I have just downloaded an app called My Fitness Pal. I think this is the ninth time that I have searched for it in the app store, having used it, ignored it, felt bad about it, and hurled my phone across the room when it flashed up passive-aggressive “reminder” messages, while shrieking “You’re not my ‘pal’ at all!” In theory, if you use it properly and remember that it’s not autonomous and it isn’t judging you from within your phone, it’s a very effective tool. You record what you eat and drink, and it tells you whether that falls within an established calorific range, or if you’re overdoing it. It also sends you panicked messages when you’re not eating very much. Occasionally I feel smug and mutter “I’m doing perfectly well with black coffee and a salad, thank you.” Most of the time I frown at it and say “We both know that I’m deliberately not telling you about that burrito.”
This is the trouble with diet, food and weight loss. Rationally, it’s just maths. If you want to lose weight, all you have to do is eat less and move more – just as all you have to do to go overdrawn is spend more money than you have in your bank account. Of course, everyone has a metabolism that moves at a different speed, mobility issues can restrict the exercise that people are able to do, and there are all kinds of health conditions that make up part of the equation. But most of us know that high-calorie foods and a sedentary lifestyle will combine and conspire to keep us out of our jeans, and that if we choose a life of green leafy vegetables and long walks, we’ll be leaner for it.
We've been hearing this message for decades now, and we see posters and TV ads promoting the importance of a healthy lifestyle. Yet, new research reveals that obesity levels are still at a record high, while national surveys record that we're claiming to consume fewer calories than ever. The Behavioural Insights Team, a part-privatised government agency, says that we're not honestly recording what we're really eating, especially snacks consumed away from home. Their reports indicate that the margin of error between what we’re eating and what we say we’re eating could be as high as 50 per cent. It seems that the messages we're being given aren't reaching us, even though information about diet and exercise seems to be at the heart of all the public health messages we receive. What's going on?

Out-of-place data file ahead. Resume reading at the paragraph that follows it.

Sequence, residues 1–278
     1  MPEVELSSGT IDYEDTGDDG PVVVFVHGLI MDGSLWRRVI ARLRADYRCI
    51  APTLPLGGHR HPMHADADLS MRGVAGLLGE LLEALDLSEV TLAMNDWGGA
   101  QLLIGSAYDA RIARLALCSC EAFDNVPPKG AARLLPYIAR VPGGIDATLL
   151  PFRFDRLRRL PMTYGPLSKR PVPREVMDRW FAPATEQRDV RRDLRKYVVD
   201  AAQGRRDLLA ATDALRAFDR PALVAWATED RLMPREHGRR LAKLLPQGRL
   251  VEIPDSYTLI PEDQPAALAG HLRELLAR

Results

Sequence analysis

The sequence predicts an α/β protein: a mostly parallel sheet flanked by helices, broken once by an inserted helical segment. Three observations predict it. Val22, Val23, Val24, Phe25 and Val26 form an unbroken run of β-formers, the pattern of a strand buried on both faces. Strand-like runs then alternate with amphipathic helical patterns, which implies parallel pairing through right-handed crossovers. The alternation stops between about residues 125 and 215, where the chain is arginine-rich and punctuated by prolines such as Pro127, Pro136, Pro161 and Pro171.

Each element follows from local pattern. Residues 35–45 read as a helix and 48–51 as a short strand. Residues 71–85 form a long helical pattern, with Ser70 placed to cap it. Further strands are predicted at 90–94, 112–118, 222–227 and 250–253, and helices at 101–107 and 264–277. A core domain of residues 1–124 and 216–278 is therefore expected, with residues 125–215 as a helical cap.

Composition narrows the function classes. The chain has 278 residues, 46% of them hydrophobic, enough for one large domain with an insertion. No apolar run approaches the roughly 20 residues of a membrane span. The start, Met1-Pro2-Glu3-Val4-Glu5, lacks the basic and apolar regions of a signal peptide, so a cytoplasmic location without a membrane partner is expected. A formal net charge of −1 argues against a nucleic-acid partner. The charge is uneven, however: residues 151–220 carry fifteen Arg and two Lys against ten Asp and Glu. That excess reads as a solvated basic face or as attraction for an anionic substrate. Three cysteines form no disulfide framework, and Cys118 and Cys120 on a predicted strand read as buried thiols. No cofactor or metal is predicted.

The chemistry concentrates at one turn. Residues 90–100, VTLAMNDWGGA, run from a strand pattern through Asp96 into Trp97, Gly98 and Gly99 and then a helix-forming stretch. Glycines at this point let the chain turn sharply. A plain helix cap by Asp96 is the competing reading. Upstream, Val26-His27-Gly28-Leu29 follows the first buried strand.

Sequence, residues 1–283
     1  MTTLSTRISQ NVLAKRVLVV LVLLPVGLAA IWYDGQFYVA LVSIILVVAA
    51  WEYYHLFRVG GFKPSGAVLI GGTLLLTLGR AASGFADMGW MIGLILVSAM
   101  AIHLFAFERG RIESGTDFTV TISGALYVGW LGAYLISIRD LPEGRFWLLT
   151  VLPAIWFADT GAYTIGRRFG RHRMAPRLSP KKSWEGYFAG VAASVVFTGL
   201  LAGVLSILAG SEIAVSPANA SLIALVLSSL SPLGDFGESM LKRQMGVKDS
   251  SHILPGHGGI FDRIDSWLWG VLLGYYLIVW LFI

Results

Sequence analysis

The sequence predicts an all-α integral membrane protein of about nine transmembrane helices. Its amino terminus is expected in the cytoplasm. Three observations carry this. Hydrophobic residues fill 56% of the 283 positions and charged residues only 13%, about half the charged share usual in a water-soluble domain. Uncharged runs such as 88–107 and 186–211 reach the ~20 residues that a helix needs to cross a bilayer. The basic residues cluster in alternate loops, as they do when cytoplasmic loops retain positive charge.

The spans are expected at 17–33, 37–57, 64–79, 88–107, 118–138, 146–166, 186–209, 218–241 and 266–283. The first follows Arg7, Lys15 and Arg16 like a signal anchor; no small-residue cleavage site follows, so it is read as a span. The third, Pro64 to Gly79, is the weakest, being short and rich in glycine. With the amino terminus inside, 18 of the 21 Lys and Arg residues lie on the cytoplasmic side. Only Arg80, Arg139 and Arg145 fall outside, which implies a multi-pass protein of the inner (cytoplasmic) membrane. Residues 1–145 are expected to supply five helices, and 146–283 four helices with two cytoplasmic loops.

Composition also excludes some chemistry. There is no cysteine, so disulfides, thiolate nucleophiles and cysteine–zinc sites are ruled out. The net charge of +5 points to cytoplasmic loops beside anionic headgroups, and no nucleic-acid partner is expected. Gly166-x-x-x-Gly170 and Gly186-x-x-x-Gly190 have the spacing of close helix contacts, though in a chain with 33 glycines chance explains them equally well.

New research reveals that obesity levels are still at a record high, while national surveys record that we're claiming to consume fewer calories than ever
When we talk about food, weight and eating, we rarely address the fact that it isn’t a purely practical issue. Jamie Oliver has dominated headlines about obesity by making it his mission to focus on education, from campaigning for healthy school dinners to making sure we all know exactly what’s in our food. I think that Oliver is largely a force for good, and he has put a spotlight on the importance of thinking about what we’re putting into our bodies, but I wish he’d talk more about why we overeat. I don’t think there’s anyone in the world who orders a Big Mac while thinking “Why, this is the most nutritious and effective fuel I can feed myself!” When I buy them and eat them, it’s usually because I’m slightly depressed or incredibly drunk, or both.
Food is fetishised, and it’s become a class issue. We make jokes about how our dinners define us, smugly saying “See my quinoa! I’m such a middle-class cliche, har har!” The magnificent food writer Jack Monroe was pilloried by a rightwing newspaper columnist for blogging about a kale pesto recipe. Monroe writes about food, poverty and the struggle to feed a family with barely any money at all. The kale recipe worked out at 15p a portion, but the columnist claimed Monroe was a hypocrite, because pesto is “posh” and not for poor people.
This is precisely why we have an obesity epidemic. We are what we eat, and food is another way to define those who are struggling and keep them down. We judge parents because of what they feed their children. We judge food bloggers for having ideas above their station, or for being too remote and suggesting we all eat bee pollen. We judge each other for ordering chips, or ordering salad. And it’s making us exhausted, confused, overwrought, full of self loathing and searching for a quick, accessible fix that might take the edge off the bad, sad emotions. For me, that’s often a big glass of Viognier, a bag of Kettle Chips, or a fudge brownie. I know the food is “bad”, yet I want to eat it, which makes me “bad” too, which makes me so sad that I want more. I don’t need public health adverts telling me that sugar causes 19 different kinds of cancer. I need information about how to work through the emotional hold that my diet has on me.
When I was suffering from anorexia in my teens, I heard people referring to the condition as the ultimate Western disease. A society has to be comparatively wealthy for food to be so available that we can use it as a drug, binging, purging and estranging ourselves from it. Having food issues might be a sign of general affluence, but that doesn’t mean we can afford to ignore them. The new data might suggest that we need more help counting calories, but we’ve become so food-focused that I think most of us are all too aware of exactly what we’re consuming. We need to change the dialogue. Instead of wondering how we’re getting the facts wrong, let’s take a good look at why so many of us are eating our feelings.